Don't know what I want
Johnny Rotten (John Lydon), the Sex Pistols, "Anarchy in the UK," Never Mind the Bollocks Here's the Sex Pistols, 1976
Hey," called Annie to her banner-partner of the moment, "I need to take a break."
"'Scool," called back the young woman at the other end, a Pendleton-and-jeans type who looked femme and dressed butch (Kids today, thought Annie, in a matronly moment, you just can't tell), "Hey Suzie, you wanna come here a while?"
Suzie, Laura Ashley hand-me-downs, nose ring and ripped red sneakers, came softly smiling up (Partner? wondered Annie, Roomie? Oh what the hell, but it's fun to guess) and relieved Annie of her duty without a further word of English being spoken, which suited Annie.
Having asserted herself, she was ready to float again ... coffee, the drug of choice ... there must be some. Of course! Dharma's was down the street. This organic fast-food joint had tried to preface its name with a big em and a little see, but carnivorous lawyers in expensive suits soon put a stop to that nonsense. (Now, who was it who had that farm ee-eye-ee-eye-owe? Scrooge McDuck?) Still, the concept survived and it was an act of solidarity to visit every now and then, one that Annie actually liked to do. Turned out the place was doing unusually good business in take-out, thanks to the largely sympathetic crowd up the street, which was only too relieved to know that the nearest watering hole was also the most correct in miles. Every demo should be so well catered.
The parking-lot scenery was not inspiring, nor was the muddle of uniforms she stumbled across, in conference at the far end of the Triple-A building. The coffee was frankly mediocre, she knew she should have gone for the freshly squeezed juice of free-range carrots that had been raised with love not chemicals. The cookie she had rewarded herself with for the afternoon's efforts was a little stodgy and bland. And she had an irrepressible shit-eating grin all over her face. It drew attention all over, suspicious from the bluebottles, friendly from the demo freaks and hangers on and frankly inquisitive from some guy about her own age, which she took as a compliment, accepted casually as her due, and flung carelessly aside as replaceable. Some days you're on.
She meandered back through the steel and chrome towards the human bustle at the other end. Something was up, it seemed. There was a focus around the door and she decided to aim for it. As she approached, some kid she didn't know, in surfer-dude shorts and bootleg blackface Air Bart T-shirt, asked her politely, "Excuse me, are you going into the insurance office?"
"No," she laughed, "I'm here with the demo." He was presenting a hand-lettered sign that read, "If you have business with DeFrietas, Gwyn & Pollard, please come through." She read it carefully.
"I think that name might be spelled wrong," she pointed out tentatively. She knew very well two of them were, but she was almost as reluctant to impose her opinions as she was to give them up. Still, the sign seemed like a swift move and they might as well get it right. "Isn't it 'ei'?"
"I before E except after C?" suggested the youth, taking another look at his placard in a friendly kind of way.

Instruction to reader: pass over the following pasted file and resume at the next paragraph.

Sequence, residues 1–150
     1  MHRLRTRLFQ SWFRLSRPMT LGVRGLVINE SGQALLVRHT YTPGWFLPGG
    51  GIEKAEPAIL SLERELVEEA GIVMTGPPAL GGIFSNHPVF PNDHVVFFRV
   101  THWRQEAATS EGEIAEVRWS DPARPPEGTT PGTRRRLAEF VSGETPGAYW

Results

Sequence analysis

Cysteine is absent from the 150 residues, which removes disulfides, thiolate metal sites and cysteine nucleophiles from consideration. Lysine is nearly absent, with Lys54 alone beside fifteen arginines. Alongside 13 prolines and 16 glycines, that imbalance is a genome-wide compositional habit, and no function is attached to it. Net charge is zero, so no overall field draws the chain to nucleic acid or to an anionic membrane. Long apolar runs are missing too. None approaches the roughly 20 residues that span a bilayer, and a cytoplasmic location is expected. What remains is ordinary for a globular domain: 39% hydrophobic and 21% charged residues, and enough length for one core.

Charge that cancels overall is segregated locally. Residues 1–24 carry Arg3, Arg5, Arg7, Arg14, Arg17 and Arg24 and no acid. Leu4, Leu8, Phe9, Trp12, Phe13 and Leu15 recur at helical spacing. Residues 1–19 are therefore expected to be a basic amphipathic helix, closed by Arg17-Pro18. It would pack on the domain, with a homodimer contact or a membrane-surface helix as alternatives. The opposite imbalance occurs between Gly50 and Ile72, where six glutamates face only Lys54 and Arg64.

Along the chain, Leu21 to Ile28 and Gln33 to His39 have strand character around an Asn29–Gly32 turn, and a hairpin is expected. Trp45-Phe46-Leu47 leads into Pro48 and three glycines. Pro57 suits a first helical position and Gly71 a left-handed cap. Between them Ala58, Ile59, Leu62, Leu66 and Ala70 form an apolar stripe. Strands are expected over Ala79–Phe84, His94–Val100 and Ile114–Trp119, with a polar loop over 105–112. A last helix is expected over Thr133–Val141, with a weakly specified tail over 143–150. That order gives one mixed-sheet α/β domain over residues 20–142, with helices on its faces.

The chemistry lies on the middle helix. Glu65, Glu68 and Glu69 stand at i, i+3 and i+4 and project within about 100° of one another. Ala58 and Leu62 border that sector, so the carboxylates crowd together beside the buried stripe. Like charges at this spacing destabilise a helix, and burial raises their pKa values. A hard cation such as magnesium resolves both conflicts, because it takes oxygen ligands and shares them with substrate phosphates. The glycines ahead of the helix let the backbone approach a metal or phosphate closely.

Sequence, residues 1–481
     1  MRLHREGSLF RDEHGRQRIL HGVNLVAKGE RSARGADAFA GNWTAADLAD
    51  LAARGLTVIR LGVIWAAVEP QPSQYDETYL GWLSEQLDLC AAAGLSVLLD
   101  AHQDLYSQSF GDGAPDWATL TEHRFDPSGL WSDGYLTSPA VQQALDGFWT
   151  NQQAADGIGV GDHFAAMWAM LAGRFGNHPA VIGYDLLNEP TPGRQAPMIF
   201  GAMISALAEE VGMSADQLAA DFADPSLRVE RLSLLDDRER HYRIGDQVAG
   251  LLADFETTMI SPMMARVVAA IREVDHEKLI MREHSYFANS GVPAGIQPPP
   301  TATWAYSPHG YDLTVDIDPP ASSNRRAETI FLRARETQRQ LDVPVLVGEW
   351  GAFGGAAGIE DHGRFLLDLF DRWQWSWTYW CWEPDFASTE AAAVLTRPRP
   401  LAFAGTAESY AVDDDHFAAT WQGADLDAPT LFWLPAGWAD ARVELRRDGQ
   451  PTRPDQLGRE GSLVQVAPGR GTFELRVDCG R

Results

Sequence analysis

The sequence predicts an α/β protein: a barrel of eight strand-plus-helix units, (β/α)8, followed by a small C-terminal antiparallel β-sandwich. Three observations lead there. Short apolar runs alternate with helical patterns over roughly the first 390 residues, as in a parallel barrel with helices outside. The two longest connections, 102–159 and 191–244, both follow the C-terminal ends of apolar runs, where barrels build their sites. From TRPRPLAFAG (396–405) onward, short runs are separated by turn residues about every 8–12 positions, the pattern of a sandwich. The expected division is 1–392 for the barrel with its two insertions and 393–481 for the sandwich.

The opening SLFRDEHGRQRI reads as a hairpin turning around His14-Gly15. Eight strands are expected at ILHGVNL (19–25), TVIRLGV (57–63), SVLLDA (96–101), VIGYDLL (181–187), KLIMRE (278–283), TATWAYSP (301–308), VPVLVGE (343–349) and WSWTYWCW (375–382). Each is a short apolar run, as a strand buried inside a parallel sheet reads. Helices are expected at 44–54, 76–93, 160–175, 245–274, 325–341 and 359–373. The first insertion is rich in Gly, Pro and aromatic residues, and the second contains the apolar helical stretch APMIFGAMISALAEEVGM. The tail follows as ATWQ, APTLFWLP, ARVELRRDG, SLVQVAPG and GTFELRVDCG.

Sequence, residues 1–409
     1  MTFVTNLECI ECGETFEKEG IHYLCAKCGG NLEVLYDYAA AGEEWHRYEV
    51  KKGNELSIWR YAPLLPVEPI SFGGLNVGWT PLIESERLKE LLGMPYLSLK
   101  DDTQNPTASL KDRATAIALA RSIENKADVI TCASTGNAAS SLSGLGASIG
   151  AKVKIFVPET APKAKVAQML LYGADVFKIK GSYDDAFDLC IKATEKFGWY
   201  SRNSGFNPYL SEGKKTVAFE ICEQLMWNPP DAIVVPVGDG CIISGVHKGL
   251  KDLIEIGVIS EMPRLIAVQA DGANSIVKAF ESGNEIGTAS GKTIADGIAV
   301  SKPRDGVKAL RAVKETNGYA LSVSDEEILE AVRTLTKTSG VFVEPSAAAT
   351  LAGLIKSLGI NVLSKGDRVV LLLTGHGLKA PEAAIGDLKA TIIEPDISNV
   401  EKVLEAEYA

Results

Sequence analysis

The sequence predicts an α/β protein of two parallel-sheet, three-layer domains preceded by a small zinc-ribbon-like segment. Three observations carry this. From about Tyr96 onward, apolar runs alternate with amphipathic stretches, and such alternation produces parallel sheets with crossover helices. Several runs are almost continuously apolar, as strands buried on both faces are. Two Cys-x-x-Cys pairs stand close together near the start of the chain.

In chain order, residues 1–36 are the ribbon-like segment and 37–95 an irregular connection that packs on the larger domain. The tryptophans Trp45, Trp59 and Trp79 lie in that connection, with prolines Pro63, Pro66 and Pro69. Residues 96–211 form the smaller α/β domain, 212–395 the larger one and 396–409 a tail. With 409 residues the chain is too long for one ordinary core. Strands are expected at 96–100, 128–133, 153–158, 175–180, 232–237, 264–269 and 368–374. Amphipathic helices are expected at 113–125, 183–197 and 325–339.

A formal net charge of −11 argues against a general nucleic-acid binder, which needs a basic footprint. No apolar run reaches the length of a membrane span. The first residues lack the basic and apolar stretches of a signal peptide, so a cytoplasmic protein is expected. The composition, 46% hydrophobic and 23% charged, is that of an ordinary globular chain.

"That's English," pointed out Annie, encouraged, "I think he's Portuguese or something." Tsk, tsk, kiddo, he? She was right, naturally, but one is not supposed to make these assumptions in political discourse. The one-in-whatever chance of slighting a woman who had made it always trumps the hard reality of the odds. This confused Annie, who thought it made more sense to tell it like it was (he) than like it should be (it, they, recast to avoid); she missed in this the power of words to create the truth they describe, but more surprisingly she missed her own ability to blend and bland and give her audience what it expected. What was she doing, slipping out of character? Or into it?
"Well, I know it should be a double-en," conceded the maitre-d' with dignity, overlooking any faux she might have passed, "But I figured it would look worse to fix it."
"It's a great sign, anyway," Annie rushed to tend to the fragile male sensibility. "Was it your idea?"
The tight knot by the entrance was unraveling some, and the negotiating lieutenant was drifting out the side.
"Yeah," said the kid, happily.
"Well," she wondered, "What's happening?"
"Oh, the cop wanted to know when we were gonna split."
"And Keith said, When was Bush going to bring the troops home, and the cop said, C'mon, we've let you had your fun, and Luke said, What do you mean fun, and Zoe said, We haven't even started yet, we're occupying this joint, and then the guy from the Insurance office started to get really mad..."
"Even though we were letting people in?"
"Yeah, we had this sign already, from the last time he came out ... anyway, I guess it's kind of a stand-off right now."
As stand-offs go, thought Annie, or is it stands-off, it's pretty cool. No sign of Black Marias or riot gear. Just then, a large van pulled around the corner and she flinched for a second before realizing that it was white and had a huge great dish antenna on the roof and Action News 11 painted prominently on the side. Hey, live remote. Check it out. The sign-man saw her looking and checked it out.
"Cool," he commented. "Live at five."
"Already?" wondered Annie, who had lost some touch with local time but not, she thought, that much. It couldn't be much past, oh, well, four-thirty she supposed and kept it to herself.
"Takes them a while to get set up."
"Should I get people round from the front?" she wondered.
"In a while, sure. We got half an hour anyway."
"I'll go spread the word."
Me? she thought and laughed again.